Shortness of breath, 5 reasons and how to fix it

Shortness of breath, 5 reasons and how to fix it

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We probably don't think much about our breathing in a day. For most people, since the doctor hit us on the back the day we were born, they don't think twice about taking a breath. Maybe you thought about it after running laps in that coach's class who was ruthless. There are multiple reasons why a person may have shortness of breath or dyspnea, which are not only related to their lungs. Science explains five reasons why people have trouble breathing and how to fix it.


We are familiar with “catching our breath” after a hard workout or game of basketball or other sport. Our breathing becomes difficult, in short, quick breaths, and we may feel a bit dizzy or weak. Our hearts are probably pounding and we are sweating. Those are some of the symptoms of shortness of breath or dyspnea, as it refers to the medical field. Although it comes from our effort, it still qualifies as shortness of breath. Usually, people recover fairly quickly and get on with their day.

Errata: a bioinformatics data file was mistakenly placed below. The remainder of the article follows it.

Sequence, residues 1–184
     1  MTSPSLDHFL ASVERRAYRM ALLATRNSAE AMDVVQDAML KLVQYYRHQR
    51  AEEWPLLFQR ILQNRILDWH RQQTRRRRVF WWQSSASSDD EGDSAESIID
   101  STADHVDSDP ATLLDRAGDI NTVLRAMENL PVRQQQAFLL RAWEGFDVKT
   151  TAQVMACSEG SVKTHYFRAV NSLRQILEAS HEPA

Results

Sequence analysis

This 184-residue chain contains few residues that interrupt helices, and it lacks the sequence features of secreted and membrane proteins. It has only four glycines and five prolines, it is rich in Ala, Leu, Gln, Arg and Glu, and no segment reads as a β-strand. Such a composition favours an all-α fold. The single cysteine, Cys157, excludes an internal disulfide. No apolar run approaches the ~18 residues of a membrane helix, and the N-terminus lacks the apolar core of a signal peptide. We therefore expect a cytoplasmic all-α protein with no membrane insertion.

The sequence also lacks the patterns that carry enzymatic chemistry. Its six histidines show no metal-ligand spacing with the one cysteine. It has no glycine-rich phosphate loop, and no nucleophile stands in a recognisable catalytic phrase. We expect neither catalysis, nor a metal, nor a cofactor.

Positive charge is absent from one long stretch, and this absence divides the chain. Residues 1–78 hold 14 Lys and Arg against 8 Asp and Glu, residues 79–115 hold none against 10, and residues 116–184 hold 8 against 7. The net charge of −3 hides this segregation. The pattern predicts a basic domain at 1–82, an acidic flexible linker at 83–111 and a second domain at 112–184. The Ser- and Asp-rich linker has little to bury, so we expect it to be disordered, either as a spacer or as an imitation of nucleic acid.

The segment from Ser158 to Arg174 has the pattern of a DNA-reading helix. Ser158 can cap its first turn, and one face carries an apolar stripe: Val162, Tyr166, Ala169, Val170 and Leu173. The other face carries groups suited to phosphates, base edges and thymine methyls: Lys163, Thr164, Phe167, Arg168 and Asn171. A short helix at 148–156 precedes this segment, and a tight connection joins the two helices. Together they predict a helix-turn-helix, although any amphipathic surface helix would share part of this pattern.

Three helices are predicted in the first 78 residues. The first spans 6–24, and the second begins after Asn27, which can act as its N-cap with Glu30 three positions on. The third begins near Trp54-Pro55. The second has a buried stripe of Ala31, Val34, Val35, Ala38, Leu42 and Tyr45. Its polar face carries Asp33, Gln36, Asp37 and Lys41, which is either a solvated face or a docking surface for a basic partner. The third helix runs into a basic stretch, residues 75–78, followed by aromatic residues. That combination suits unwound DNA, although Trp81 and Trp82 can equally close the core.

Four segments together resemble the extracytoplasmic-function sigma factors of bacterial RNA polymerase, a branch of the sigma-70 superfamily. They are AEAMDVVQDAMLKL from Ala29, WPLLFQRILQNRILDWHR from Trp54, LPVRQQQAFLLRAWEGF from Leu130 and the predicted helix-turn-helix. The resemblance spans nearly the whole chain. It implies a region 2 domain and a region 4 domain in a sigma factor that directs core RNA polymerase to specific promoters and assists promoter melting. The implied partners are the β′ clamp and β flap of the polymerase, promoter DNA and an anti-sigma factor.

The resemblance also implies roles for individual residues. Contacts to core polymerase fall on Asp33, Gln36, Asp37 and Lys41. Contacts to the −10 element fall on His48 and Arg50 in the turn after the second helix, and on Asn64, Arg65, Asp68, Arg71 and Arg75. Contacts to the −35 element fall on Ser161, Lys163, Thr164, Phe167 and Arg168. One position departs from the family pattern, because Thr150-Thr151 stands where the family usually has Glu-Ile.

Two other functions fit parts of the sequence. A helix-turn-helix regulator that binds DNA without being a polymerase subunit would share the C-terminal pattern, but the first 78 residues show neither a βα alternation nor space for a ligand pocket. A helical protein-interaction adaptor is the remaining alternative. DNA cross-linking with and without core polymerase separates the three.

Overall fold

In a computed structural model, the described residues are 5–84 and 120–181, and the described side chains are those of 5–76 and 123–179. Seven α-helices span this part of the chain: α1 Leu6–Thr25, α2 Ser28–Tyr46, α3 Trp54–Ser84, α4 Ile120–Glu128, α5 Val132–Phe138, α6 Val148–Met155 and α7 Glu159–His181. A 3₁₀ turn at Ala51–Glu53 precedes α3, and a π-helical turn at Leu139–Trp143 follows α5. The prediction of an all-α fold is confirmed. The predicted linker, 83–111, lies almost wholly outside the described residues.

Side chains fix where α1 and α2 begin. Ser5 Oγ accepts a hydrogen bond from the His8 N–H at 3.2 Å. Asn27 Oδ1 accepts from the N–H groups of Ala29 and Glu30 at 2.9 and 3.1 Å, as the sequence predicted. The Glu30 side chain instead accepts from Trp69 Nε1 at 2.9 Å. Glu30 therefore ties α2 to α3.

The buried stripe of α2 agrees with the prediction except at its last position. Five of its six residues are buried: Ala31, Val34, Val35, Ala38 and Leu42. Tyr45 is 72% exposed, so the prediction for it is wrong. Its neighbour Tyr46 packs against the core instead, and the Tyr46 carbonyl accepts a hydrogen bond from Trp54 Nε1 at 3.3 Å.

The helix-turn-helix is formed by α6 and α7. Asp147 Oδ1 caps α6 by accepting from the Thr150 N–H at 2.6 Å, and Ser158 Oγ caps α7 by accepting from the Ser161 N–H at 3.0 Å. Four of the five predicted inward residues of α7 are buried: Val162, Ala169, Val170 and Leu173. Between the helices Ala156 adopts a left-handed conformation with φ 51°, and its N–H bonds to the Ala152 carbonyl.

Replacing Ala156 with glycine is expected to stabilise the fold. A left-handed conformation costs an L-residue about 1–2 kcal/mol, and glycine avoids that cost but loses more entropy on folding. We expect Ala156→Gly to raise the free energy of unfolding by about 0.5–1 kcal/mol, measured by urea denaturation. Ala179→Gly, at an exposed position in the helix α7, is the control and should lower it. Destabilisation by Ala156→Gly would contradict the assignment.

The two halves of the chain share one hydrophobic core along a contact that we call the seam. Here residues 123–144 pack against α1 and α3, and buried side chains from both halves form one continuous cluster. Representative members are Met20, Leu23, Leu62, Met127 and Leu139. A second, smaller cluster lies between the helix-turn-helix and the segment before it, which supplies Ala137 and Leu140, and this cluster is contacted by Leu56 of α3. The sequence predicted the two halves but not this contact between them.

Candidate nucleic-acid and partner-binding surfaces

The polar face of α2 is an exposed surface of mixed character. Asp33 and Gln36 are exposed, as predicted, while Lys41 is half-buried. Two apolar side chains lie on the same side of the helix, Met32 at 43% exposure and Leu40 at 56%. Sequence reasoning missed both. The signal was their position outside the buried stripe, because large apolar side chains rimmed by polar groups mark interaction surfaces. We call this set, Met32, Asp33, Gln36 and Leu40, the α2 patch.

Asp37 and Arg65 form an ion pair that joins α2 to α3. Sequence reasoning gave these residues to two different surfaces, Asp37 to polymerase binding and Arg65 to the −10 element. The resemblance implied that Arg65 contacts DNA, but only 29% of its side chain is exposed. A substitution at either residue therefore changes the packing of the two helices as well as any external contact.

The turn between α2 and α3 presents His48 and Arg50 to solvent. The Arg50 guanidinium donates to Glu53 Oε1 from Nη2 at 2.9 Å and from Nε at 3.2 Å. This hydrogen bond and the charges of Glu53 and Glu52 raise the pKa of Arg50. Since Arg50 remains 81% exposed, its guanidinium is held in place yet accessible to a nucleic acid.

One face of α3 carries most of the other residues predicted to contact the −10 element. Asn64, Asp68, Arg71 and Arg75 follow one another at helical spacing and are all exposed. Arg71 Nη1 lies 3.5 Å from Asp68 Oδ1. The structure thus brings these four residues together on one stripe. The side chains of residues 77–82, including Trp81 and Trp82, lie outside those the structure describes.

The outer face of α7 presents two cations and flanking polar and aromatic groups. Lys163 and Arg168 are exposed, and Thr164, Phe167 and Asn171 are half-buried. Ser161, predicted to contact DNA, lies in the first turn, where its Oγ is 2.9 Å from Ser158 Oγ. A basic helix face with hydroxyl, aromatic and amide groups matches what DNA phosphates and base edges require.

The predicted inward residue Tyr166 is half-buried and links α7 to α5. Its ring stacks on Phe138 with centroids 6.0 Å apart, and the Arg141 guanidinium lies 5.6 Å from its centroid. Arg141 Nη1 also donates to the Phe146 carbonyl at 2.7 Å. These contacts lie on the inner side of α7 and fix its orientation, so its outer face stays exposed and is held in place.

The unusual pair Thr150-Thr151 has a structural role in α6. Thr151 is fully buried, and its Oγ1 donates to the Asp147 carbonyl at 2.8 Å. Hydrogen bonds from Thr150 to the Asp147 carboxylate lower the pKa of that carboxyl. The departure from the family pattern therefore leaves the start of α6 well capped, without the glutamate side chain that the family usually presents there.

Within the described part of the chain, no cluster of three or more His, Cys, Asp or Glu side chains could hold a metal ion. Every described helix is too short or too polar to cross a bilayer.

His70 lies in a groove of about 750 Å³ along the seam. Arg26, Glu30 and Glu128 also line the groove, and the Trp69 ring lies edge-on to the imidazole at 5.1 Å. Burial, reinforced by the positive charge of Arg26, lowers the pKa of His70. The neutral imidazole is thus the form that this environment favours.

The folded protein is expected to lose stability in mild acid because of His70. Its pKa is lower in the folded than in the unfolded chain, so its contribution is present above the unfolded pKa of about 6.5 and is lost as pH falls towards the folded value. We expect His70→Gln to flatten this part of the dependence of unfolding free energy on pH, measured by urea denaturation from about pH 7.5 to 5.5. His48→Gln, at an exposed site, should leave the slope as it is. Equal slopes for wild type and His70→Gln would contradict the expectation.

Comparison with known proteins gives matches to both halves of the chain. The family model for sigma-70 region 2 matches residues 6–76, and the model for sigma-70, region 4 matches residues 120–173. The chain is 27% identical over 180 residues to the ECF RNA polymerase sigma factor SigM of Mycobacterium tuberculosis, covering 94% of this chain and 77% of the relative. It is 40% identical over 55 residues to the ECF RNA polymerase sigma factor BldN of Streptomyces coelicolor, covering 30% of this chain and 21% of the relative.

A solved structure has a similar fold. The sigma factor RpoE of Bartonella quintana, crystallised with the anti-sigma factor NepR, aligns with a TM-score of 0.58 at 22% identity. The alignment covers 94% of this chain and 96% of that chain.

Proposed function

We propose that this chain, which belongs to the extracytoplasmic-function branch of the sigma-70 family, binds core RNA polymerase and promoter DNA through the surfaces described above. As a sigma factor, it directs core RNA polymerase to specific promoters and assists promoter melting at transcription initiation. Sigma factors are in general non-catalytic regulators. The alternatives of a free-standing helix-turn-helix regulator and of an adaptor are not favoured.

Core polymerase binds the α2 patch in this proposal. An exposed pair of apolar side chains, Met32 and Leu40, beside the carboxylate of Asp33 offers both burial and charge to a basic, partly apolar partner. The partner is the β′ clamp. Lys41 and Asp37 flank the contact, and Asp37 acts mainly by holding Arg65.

In other cases, they have those symptoms due to various conditions. Symptoms of shortness of breath include:

  • Breathing is difficult and difficult or laborious.
  • Chest tightness
  • Quick, short breaths
  • The heartbeat is irregular or fast.
  • The feeling of suffocation due to the inability to get enough air.
  • Wheezing and coughing

While Unity Point Health indicates that exercise can cause shortness of breath, if these additional symptoms accompany it, see your doctor:

  • Chest feels heavy and heart rate is high
  • Chest pains, pressure, or irregular heart rate.
  • You are pale in complexion
  • Feeling that sinking feeling like you're about to pass out or dizzy
  • Fainting
  • Strong fatigue